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National Aeronautics and Space Administration

Goddard Space Flight Center

Scientific Ballooning.

Balloon Program Office

Super Pressure Balloon Design Approach

A balloon that always maintains a positive internal pressure in relationship to the environment it is floating in is called a Super Pressure Balloon. The NASA Super Pressure Balloon is a sealed structure that is filled with a measured and specific amount of Helium lifting gas. The balloon rises after launch, and the Helium expands as the ambient atmospheric pressure goes down. The NASA Super Pressure Balloon is designed to fly at a specific pressure altitude with a known mass of payload hanging from the balloon.

When the balloon reaches the desired float altitude, the extra Helium is not vented off, but fills out the shape and pressurizes the balloon. The amount of Helium first put into the balloon is determined by how much is needed to lift the entire flight system plus some extra Helium to provide an upward force. This extra Helium is enough to pressurize the balloon when it reaches the float altitude, but too much to over pressurize the balloon. The Super Pressure Balloon is designed to fly with a positive internal pressure at all times. When the sun heats the balloon during the day it has a higher internal pressure (also called differential pressure since this represents the pressure difference above the atmospheric pressure it is flying in), and at night when the balloon cools down, the differential pressure is much lower, but still above ambient. The differential pressure range of the NASA Super Pressure Balloon is up to 180 Pa (0.0261 psi). This is a very small internal pressure, but it is enough to keep this balloon flying through the night!

Depiction of the shape of a Super Pressure Balloon from the side at float
Super Pressure Balloon from the side at float

The overall shape of the NASA Super Pressure Balloon is an oblate spheroid (like a sphere only squashed on the top and bottom). The height is about 60% of the diameter. The NASA Super Pressure Balloon is made up of many separate panels or gores that run from top to bottom on the balloon. At the edge of each of these gores is a very strong and light weight tendon or rope that runs from top to bottom on the balloon. Each of these gores are shaped that, while under pressure, have a slightly curved lobed shape. This is why this type of balloon has been called a pumpkin shaped Super Pressure Balloon.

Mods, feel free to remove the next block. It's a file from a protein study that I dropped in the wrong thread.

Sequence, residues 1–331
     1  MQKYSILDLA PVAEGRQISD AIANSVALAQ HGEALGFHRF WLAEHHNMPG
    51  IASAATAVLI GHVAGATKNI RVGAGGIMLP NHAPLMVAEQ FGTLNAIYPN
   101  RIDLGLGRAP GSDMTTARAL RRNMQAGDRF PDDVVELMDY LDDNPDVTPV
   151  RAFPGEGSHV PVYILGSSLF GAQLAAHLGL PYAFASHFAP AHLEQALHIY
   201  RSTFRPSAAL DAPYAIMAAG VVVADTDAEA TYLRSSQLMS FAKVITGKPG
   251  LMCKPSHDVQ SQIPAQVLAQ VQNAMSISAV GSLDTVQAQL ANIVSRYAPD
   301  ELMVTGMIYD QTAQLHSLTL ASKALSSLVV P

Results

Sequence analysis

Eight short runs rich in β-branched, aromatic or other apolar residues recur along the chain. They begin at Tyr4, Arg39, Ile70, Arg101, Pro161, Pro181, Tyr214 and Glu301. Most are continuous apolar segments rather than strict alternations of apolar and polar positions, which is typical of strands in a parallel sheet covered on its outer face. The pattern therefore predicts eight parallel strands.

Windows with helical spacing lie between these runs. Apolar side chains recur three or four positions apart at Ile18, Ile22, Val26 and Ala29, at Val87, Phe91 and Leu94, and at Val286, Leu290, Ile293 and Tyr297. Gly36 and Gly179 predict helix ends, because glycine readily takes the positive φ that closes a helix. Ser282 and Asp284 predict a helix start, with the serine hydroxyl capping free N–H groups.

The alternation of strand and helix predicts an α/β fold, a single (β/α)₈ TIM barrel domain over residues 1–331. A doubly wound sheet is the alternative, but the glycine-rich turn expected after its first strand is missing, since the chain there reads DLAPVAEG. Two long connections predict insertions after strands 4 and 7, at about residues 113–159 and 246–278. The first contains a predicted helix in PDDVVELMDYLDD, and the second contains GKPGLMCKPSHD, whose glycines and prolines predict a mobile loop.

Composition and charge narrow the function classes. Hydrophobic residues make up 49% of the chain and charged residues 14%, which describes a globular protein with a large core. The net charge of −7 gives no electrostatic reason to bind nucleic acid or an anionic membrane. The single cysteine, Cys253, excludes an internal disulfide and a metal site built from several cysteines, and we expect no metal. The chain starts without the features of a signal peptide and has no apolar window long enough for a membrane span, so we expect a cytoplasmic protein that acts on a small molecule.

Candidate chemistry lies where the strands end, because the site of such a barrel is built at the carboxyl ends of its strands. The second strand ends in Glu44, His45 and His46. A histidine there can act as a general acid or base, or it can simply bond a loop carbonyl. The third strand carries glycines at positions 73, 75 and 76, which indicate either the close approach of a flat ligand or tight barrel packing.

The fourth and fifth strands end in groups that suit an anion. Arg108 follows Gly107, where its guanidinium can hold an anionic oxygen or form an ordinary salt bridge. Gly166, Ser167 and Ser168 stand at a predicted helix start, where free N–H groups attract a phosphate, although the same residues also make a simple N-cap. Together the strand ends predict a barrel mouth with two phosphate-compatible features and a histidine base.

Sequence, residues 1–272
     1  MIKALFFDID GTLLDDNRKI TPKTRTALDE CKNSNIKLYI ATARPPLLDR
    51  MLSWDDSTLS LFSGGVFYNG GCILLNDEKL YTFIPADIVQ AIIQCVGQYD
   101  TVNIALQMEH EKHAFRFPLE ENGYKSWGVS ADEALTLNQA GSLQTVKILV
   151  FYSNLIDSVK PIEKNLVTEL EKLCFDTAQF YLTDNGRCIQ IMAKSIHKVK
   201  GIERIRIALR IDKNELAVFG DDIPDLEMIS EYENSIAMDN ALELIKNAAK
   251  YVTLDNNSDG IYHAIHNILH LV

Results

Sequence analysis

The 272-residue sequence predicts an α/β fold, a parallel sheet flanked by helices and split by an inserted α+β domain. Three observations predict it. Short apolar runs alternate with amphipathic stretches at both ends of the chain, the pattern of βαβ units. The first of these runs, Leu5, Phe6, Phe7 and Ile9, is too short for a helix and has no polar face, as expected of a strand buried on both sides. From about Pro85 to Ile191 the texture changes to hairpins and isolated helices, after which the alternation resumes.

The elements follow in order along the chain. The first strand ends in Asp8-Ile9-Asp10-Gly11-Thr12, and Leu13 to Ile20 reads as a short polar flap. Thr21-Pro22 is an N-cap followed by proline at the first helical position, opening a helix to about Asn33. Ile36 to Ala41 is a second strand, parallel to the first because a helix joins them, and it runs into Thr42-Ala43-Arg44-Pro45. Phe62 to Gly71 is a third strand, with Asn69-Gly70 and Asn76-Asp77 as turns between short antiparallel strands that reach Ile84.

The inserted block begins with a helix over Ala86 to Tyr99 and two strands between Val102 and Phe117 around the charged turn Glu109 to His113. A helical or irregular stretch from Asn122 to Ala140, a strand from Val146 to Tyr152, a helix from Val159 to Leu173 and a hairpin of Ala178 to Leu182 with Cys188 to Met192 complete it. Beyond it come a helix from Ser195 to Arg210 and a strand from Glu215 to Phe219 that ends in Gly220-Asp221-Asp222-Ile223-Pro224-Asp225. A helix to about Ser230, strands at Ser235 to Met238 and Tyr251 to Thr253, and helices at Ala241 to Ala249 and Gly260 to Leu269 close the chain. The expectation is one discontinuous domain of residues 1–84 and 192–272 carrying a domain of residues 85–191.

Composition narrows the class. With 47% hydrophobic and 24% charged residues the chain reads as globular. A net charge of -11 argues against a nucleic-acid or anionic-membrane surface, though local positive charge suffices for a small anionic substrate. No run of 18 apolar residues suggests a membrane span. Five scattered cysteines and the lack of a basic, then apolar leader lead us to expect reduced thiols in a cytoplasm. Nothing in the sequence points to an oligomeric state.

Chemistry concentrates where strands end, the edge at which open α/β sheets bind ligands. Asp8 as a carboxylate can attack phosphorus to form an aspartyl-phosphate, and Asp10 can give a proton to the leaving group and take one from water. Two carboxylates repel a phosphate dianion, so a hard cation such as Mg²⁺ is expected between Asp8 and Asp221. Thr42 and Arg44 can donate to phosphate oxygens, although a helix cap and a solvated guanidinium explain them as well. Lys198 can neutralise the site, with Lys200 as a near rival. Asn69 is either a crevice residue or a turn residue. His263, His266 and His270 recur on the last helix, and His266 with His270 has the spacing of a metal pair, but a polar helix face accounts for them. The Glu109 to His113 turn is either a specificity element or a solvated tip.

Up looking view of the Super Pressure Balloon at float
Up looking view of the Super Pressure Balloon at float

Even with very small internal pressures, because of the size of the balloon, the forces are quite large. The strength required for the film materials is a function of the internal pressure times the radius divided by the film thickness (Pr/t or Pressure times the radius divided by the film thickness). If the balloon was spherical in shape, this very large radius would lead to a very high strength requirement for the film. High strength requirements often require stronger materials which are often heavier. The films used for the NASA balloons are very thin and light weight.

The Super Pressure Balloon is basically made up of two elements; very thin film and the tendons that run top to bottom. There are two methods NASA chose to reduce these very high strength requirements. The first was to make each of the gore sections slightly lobed and reducing the local radius of the film. This reduced the radius on the film from over 50 m to around 1 m. Reduced radius translates to reduced strength requirements in the horizontal or “hoop” direction for the film. Second, the tendons that run top to bottom in the balloon are used to resolve the forces in that direction. Each tendon can have approximately 7,000 N (~1,600 lbs) per tendon, which means the fittings on the top and bottom of the balloon must resolve a total force of ~1,960,000 N (~448,000 lbs) for the 280 tendons that are used in the balloon.

Lobing in the Super Pressure Balloon gores is visible
Lobing in the Super Pressure Balloon gores is visible

Close up view of balloon lobing
Close up view of balloon lobing

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